1. Use Investigations. Investigations do not have this limitation and are an equivalent way of seeing Persona type behavior.  For example, if the requirement was to see all Teams users who are using Teams for 16+ hours per week - which relates to the equivalent Persona Trait that in reality is just normalizing datapoint values into a score - we could create a 7-day Investigation as shown below:  

    The use of Investigations will give you equivalent data to the score but the limitation of Investigations is the data is static (i.e. not refreshed on a schedule). This will give you the data you need but you will have to run the Investigation each time you want to retrieve the data, and of course these cannot be used in Dashboards.

  2. Use Metrics.  Metrics will also give the correct aggregated value, but they have a product limitation in that they span a 24 hour period as the portal dashboard is calculated nightly. Therefore, if this approach is taken please use Persona Trait thresholds that reflect a 24 hour period, and not 7 days.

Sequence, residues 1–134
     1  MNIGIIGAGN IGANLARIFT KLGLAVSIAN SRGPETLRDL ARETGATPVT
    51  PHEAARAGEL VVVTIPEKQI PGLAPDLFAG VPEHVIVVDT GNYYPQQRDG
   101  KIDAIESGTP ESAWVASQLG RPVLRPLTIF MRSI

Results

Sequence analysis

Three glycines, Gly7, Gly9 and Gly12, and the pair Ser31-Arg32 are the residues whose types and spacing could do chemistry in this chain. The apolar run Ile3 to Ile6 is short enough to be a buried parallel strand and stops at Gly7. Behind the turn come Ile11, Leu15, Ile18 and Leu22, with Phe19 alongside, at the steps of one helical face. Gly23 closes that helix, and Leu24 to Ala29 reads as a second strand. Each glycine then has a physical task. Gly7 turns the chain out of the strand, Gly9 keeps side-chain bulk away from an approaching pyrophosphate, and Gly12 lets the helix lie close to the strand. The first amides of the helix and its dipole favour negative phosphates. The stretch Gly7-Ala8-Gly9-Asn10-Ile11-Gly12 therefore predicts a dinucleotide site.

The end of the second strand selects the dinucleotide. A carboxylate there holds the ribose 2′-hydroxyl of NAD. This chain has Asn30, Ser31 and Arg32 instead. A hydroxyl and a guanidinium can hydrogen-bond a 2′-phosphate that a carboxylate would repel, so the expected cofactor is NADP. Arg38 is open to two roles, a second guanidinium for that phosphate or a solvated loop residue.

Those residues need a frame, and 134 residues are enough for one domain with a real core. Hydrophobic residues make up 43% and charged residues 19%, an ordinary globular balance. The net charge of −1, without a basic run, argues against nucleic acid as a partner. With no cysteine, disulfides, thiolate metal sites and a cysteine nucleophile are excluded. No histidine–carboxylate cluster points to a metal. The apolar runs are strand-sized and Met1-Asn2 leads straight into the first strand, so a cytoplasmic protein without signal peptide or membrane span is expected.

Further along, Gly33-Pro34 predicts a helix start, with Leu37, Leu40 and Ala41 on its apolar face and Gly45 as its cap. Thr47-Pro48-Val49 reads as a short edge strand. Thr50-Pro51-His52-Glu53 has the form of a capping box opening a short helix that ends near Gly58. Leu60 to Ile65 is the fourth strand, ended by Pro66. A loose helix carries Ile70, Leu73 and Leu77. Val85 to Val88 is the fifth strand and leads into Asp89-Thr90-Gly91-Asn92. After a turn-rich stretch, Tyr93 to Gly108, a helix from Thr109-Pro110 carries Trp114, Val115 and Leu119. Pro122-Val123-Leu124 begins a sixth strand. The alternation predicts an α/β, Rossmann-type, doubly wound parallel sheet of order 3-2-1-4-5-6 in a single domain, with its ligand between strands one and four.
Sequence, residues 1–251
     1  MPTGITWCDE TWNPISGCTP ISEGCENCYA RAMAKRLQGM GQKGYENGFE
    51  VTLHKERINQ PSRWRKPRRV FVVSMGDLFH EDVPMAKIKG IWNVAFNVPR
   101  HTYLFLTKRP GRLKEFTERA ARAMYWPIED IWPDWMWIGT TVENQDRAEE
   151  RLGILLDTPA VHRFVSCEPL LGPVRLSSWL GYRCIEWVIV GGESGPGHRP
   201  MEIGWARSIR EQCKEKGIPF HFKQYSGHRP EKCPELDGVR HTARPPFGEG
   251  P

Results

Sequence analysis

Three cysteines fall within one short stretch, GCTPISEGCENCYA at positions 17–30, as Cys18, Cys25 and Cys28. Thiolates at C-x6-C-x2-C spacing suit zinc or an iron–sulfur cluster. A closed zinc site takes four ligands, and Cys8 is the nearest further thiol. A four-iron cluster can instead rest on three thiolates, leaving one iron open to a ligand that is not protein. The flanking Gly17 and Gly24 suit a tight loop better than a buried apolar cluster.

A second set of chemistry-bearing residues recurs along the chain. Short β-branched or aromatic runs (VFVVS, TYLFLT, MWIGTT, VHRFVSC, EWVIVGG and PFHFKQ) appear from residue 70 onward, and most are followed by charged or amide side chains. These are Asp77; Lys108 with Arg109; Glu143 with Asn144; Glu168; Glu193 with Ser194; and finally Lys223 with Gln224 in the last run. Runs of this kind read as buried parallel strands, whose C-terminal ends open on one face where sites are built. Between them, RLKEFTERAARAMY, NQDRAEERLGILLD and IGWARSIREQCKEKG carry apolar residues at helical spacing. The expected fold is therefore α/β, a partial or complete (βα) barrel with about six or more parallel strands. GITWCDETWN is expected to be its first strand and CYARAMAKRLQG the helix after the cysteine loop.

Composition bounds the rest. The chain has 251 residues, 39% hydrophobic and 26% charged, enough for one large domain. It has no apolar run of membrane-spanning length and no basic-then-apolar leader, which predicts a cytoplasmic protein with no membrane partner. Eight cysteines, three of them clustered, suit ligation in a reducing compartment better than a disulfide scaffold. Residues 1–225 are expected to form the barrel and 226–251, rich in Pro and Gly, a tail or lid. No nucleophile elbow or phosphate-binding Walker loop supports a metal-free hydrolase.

For example; if we were still looking for heavy Teams consumers, we might consider a 4 hour usage threshold in the metric.

    The advantage of this mechanism is that dashboards can be created using widgets that are based on these metrics. Of course, with a 24-hour timeframe, the Persona Traits created in this fashion will be quite dynamic, because they will be based on daily activity.